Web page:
Archaeologists find lamb bone and limpet offerings in coffin of Bronze Age woman on Orkney island

By Ben Miller | 11 February 2016

Saved from the sea on the coast of an Orkney island, a cist contains a woman who had grave goods placed over her feet

A photo of a cist bronze age burial in orkney, scotland containing the skeleton of a woman
A cist made of beach flags contained the skeleton of a Bronze Age woman on Orkney© ARO
Bronze Age mourners left lamb bones and limpet offerings in the coffin of a crippled prehistoric woman after disturbing her grave, say archaeologists who believe the body buried on a Scottish island could have belonged to a loom worker or net fisher.

A “relatively large” number of animal bones and fragments of shells, lobsters, crabs, sea urchins and starfishes were discovered by experts in the Lopness cist burial on Sanday, where the middle-aged or elderly woman was interred between 1890 and 1520BC. Debris and pottery from a capping mound fell into the coffin when its lid collapsed.

“There does not appear to have been any attempt to repair the cist lid,” says Lorna Innes, an archaeologist investigating the burial which was saved from coastal erosion by the Orkney Archaeological Trust and Historic Scotland after being discovered in 2000.

A photo of a beach coast on sanday on the island of orkney in scotland
Lopness Bay© ARO
“The woman was initially placed on the floor of the cist, probably without grave goods or other deposits, and the cist was capped or sealed, most likely by a lid of comprising a number of slabs.

“The presence of a large piece of flagstone that partly crushed the skeleton suggests that no material had been introduced into the cist prior to the roof collapse.

“Sometime later the roof collapsed inwards, bringing with it overlying midden material. It seems, therefore, that the lid collapsed into the structure under the weight of midden deposits overlying the cist, or perhaps under the weight of a burial mound that contained midden or pyre material.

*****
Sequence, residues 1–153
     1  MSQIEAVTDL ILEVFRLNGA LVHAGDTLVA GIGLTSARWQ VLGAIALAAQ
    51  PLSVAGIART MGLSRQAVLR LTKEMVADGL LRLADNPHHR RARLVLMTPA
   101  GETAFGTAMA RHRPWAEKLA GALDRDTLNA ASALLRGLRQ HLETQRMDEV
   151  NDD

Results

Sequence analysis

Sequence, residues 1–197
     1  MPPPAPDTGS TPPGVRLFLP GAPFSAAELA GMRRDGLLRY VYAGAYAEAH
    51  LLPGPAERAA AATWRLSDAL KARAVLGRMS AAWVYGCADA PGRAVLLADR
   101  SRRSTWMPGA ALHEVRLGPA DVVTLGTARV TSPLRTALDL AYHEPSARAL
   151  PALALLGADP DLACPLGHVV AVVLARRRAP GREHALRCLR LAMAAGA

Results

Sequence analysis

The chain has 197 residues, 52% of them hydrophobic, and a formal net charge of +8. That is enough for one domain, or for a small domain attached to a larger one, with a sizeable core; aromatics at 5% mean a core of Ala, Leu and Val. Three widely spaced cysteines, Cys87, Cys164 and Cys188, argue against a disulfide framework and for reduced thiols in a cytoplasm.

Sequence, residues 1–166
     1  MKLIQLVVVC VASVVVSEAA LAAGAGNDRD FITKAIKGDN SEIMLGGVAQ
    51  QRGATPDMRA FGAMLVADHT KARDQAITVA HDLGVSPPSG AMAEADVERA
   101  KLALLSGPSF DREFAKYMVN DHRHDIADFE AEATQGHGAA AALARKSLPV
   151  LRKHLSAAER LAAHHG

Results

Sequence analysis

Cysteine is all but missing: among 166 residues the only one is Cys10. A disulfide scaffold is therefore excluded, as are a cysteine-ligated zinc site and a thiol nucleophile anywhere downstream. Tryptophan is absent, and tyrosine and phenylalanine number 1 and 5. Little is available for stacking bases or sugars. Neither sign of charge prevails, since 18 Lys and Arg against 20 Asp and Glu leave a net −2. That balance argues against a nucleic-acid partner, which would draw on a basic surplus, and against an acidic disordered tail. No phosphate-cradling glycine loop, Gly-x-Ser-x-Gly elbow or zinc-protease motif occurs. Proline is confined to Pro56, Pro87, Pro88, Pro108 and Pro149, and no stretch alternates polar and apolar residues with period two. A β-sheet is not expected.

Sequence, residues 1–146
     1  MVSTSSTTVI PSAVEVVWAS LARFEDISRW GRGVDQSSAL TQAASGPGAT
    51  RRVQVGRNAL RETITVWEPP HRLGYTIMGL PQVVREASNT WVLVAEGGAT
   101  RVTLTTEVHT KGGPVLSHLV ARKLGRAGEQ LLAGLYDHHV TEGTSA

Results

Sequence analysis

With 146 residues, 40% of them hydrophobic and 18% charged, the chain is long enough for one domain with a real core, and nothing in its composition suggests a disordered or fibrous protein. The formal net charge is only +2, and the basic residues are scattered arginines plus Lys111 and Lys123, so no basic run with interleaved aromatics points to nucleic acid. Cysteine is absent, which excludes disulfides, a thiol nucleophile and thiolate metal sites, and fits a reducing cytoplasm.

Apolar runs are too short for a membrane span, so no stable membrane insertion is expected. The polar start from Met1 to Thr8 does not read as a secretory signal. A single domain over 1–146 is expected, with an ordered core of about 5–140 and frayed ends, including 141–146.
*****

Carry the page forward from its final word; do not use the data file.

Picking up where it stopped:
A photo of Sanday's Quoy Ayre beach on the island of Orkney in Scotland
Sanday is the third-largest of the Orkney islands© Chris Downer, geograph.org.uk
“The cist had become damaged and the burial was disturbed, and it is likely that the situation may have been rectified by the deliberate introduction of offerings - lamb bones and limpets - into the grave.”

Archaeologists say that the limpets could reflect the woman’s marine profession and the lambs may resonate with her role in farming or textile working. Scans showed that repeated physical exertion had caused her osteoarthritis.

“The human remains were in poor condition,” says Dr Julie Ann Roberts. “Although the skeleton was approximately 60% complete, it was in a fragmentary state with a large amount of surface erosion to the bones.

A photo of a beach coast on sanday on the island of orkney in scotland
A shipwreck on the bay© Beth Loft, geograph.org.uk
“The right forearm and hand and the left hand were entirely missing. It was also evident that the right-sided skeletal elements and dentition were in a more degraded condition than the left, presumably because the individual had lain crouched on her right side.”

Positioned over the woman’s feet, the goods could have been added by someone with an “intimate knowledge” of the grave in a ritual responding to the unscheduled disturbance, Innes says.

“It is possible that they were deposited within living memory of the burial, as an offering or act of remembrance, as we leave flowers by gravestones today.

“The Lopness cist is an interesting isolated feature but questions still remain as to where the community was located that constructed it, where the midden material came from and whether other cists were placed in close proximity.”

Few parallels to the burial existing in Orkney. A rock-cut burial chamber in Sandwick was found to contain the remains of a foetus, child and two cremated men, left in a food vessel and a “discrete pile” at the centre of the cist.

Carbonised barley cereal grains were also recovered from the deposits in the Sanday cist.


Three museums to find the remains of burials in

Brechin Town House Museum
A jet necklace from a short cist, found at Mains of Melgund in 1980 and dated to around 1800BC, is part of the collection at a venue which was once a shop, courtroom and debtors’ prison. Necklaces like this were a sign of affluence in the Bronze Age and a number have been found in the Brechin and Forfar area.

Museum of the Cumbraes, Millport
Housed within Garrison House, the Museum of The Cumbraes provides a fascinating glimpse into Cumbrae's past, from 4,000 year-old cists found on the Cumbraes and stories of smuggling in the 18th century to life during the second world war and on the island today.

Shrewsbury Museum and Art Gallery
Discover significant artefacts from excavations in York, including two Viking-age skeletons that were recently unearthed in the city, in the current Valhalla – Life and Death in Viking Britain. Until June 5 2016.
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